Delegated legislation is not a new phenomenon. Ever since the statutes came to be made by Parliament, delegated legislation also came to be made by an authority to which power was delegated by Parliament- The Statue of Proclamation, 1539 under which Henry VIII was given extensive powers to legislate by proclamations. There was, and always will be, the need for delegated legislation.
The exigencies of the modern state, especially social and economic reforms, have given rise to delegated legislation on a large scale, so much so that a reasonable fear arises among people that they are being ruled by the bureaucracy.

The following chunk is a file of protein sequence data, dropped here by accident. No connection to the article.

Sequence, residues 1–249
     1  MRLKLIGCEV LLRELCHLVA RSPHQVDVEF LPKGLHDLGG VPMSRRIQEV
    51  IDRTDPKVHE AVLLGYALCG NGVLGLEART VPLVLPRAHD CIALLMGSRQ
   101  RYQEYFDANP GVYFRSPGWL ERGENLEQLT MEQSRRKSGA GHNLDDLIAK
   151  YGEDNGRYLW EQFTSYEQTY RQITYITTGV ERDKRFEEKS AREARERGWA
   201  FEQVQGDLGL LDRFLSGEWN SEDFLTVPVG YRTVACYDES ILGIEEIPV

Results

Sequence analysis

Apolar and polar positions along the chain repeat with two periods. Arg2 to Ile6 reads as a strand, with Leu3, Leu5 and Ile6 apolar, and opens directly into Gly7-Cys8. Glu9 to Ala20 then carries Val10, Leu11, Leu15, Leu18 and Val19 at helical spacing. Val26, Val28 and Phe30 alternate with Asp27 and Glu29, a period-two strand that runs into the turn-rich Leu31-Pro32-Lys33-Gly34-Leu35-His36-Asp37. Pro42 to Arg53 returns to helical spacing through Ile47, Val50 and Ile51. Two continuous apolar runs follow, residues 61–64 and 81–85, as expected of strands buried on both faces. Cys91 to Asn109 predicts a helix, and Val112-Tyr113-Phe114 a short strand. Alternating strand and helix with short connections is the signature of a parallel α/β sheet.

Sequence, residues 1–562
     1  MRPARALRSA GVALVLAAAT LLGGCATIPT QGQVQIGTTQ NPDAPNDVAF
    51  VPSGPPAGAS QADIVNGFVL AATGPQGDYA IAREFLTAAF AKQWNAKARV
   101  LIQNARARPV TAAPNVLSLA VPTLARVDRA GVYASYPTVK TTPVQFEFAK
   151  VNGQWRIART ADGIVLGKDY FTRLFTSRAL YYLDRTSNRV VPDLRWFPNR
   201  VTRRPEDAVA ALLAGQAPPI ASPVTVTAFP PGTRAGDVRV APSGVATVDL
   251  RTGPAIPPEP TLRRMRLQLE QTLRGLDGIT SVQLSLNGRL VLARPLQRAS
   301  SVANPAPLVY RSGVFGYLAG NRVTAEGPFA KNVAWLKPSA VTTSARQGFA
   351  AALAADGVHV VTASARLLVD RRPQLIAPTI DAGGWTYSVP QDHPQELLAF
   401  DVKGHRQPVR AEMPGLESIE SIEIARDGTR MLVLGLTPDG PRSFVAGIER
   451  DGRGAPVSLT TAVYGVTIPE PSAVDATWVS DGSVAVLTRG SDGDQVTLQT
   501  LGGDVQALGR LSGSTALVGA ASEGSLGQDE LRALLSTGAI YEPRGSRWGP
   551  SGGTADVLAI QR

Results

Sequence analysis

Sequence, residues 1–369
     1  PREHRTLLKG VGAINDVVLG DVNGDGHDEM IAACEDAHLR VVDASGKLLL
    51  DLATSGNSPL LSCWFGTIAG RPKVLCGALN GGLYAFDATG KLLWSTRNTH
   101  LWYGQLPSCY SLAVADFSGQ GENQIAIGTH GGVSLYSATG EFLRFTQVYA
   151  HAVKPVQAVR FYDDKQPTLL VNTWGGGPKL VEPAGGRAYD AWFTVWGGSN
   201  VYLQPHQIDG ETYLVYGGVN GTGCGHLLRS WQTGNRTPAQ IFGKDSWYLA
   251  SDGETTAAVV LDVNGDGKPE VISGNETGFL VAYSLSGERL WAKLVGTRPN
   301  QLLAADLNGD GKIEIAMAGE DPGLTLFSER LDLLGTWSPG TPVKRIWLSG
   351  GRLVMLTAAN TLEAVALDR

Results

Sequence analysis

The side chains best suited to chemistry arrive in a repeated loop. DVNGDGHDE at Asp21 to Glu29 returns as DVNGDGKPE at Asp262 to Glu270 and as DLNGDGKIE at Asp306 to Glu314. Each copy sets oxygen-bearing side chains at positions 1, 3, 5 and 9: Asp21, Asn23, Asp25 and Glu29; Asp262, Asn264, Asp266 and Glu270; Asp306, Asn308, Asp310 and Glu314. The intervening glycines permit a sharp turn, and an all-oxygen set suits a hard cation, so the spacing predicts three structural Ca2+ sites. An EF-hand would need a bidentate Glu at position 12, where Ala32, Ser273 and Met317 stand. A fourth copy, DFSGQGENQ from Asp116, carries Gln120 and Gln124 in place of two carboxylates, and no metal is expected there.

- Modern welfare and service state.
- Lack of Time (of legislature)
- Lack of Technicality on Subject-matter (of legislature)
- Need for Flexibility -easier to make changes than to Acts
- Need for Confidentiality until law comes into operation- legislative process may compromise confidentiality
- Emergency situation- legislature may not be in session or naturally too slow to respond.
Preventive Measure- to prevent adverse situations, administration is most effective
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